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April 15, 2009 > Science teacher to present at international conference

Science teacher to present at international conference

By Miriam G. Mazliach

Kimberly Pratt first became interested in science when she saw dolphins as a little girl. That interest grew after taking Biology in seventh grade and manifested into a teaching career. Little did the Union City educator know that one day she would be one of three U.S. science teachers selected to present at a prestigious international gathering.

Pratt developed B-WET, Bay Watershed Education and Training, which teaches students about environmental issues, pollution and oceans. After presenting the program at the U.S. Geophysical Union Conference in San Francisco, she was encouraged to apply for the European meeting.

To her great thrill, she will present to educators and scientists from 83 countries at the European Geosciences Union General Assembly in Austria next week.

Now in her tenth year as an instructor, the enthusiasm in Pratt's voice comes across as she talks about how much she loves science and teaching. "It's an amazing career so far. I really like to see the kids learn and sparkle. Seeing them getting excited about science gets me excited."

Pratt first taught fifth grade and was the Math/Science Core teacher at Cabello Elementary for about eight years until the school closed. Two years ago, she came to Alvarado Elementary, where she is the Science Specialist. She teaches the subject to 900 students who rotate in once a week.

In 2005, Pratt spent three weeks tracking marine mammals on a research sailboat. The experience whet her appetite for geoscience, the field of exploration, discovery and Earth stewardship. She felt so inspired it led her to create B-WET and write a grant proposal to obtain funding.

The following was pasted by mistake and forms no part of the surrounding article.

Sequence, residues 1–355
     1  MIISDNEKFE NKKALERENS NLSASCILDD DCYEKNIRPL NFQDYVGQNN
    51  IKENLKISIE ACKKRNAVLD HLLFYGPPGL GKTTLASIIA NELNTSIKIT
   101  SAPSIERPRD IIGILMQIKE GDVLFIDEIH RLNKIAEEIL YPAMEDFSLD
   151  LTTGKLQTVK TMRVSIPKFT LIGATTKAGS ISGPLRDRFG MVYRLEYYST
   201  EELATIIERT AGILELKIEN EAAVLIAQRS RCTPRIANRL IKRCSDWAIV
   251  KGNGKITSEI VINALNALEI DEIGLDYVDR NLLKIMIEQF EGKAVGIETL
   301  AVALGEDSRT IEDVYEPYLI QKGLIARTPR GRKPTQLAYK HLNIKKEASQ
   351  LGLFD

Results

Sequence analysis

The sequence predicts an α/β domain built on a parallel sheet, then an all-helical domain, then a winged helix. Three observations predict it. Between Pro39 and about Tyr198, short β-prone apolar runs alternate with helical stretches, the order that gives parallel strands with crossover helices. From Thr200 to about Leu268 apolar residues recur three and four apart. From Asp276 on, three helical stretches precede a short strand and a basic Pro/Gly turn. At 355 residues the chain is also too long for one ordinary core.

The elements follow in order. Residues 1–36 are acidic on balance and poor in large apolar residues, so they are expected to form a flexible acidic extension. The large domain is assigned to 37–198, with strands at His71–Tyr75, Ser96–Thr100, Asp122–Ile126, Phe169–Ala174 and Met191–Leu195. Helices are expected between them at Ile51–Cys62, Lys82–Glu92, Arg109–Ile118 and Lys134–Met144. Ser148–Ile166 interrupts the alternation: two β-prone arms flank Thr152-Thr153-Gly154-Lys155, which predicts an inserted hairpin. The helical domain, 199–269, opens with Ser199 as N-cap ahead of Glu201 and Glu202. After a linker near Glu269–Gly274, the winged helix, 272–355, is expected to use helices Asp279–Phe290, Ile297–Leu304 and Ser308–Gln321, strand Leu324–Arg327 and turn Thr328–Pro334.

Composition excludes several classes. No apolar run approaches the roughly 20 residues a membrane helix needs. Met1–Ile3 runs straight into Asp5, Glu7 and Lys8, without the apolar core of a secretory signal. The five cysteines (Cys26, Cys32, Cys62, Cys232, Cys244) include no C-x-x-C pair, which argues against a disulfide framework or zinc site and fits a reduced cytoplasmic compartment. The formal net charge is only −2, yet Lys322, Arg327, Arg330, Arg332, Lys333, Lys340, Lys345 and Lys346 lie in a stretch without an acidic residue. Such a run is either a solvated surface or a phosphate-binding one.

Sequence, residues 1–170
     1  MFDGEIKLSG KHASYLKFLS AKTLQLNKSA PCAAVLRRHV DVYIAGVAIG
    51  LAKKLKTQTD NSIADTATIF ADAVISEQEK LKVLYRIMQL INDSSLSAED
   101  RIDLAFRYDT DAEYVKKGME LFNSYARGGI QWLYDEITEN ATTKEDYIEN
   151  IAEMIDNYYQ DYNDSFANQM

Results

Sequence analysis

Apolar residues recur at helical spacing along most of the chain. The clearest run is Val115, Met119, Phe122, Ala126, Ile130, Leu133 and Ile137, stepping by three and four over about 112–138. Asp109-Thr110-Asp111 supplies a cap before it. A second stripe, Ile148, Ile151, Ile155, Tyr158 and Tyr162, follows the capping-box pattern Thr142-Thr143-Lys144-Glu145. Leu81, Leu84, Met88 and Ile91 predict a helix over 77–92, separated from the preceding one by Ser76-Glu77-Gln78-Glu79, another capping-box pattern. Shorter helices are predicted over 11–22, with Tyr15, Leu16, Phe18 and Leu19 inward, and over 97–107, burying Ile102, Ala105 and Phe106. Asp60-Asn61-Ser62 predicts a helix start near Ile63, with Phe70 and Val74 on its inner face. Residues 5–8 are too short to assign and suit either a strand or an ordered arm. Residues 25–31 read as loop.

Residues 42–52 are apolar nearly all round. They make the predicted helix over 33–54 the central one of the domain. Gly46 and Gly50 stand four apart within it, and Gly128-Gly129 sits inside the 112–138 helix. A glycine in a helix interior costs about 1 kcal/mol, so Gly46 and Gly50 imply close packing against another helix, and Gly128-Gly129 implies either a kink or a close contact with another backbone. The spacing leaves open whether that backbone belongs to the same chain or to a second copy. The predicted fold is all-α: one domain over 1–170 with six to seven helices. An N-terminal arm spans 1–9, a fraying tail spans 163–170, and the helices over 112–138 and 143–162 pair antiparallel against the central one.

"Chief Scientist Dr. Karin Forney of the Southwest Fisheries Service Center of NOAA [National Oceanic and Atmospheric Administration], who was on the marine mammal research boat, was very encouraging when I decided to write the proposal and has written letters of recommendation for all the years of the grant." Forney also became a mentor to Pratt when she chose to work toward a degree in Marine Science.

B-WET took off with an original grant for $26,000. Pratt chartered a boat to take students out on the water to learn about tide pools and the environment. After involvement in the program, science test scores shot up an incredible 120 percent, math scores rose 44 percent, and even language arts scores increased by 92 percent.

"When kids are engaged in school, they do better in every subject," Pratt asserts.
After such astounding results, she wrote another grant proposal and brought the program from Cabello to Alvarado Elementary. Next year it will include Pioneer Elementary as well.

At least 10 other third-, fourth- and fifth-grade teachers are involved and supportive of this all-educational standards based program. "I would like the other teachers to get even more involved and to eventually take over some B-WET responsibilities, as it is important to give people an opportunity to be helpful and to take part," Pratt says. "Also, the school district administration has been incredibly supportive and I'm extremely grateful for that."

Students also learn about non-point source pollution, track it to the creek near their school, do creek cleanup, study ecology, and learn how pollution can migrate from the creek to the Bay and out to the ocean. Students see how pollution and debris can harm sea life and birds such as the albatross.

"Birds eat the plastics that are floating around in the ocean, and the mother bird feeds the baby birds these pieces of plastic," Pratt explains. "Then when the baby bird is ready to leave the nest, they regurgitate a bolus [round mass] of undigested material that can contain rocks or squid beaks along with the plastic. The students get to dissect the bolus and categorize the material they find, thereby learning more about our local environment."

In June, students have an "Ocean Night" and put on an ecology-based musical called "Tide-Pool Condos." Fourth and fifth graders organize a carnival with games.

In addition to her upcoming presentation in Austria, Pratt's accomplishments are getting recognized in other areas. Recently, she flew to Boston to meet with the executive producer of a science-based television show in development at WGBH, the Boston PBS affiliate. She has been asked to serve as the program's advisor. The show, geared for ages 6-10, plans to focus on physical science during the first season and biology in season two.

"I really hope that teachers are finding the time for environmental education in their curriculum. Our kids are important, the planet is important. When you bring the two together, kids really care," she says with passion. "Teachers have the power to give this message to help the environment and to help kids keep learning."

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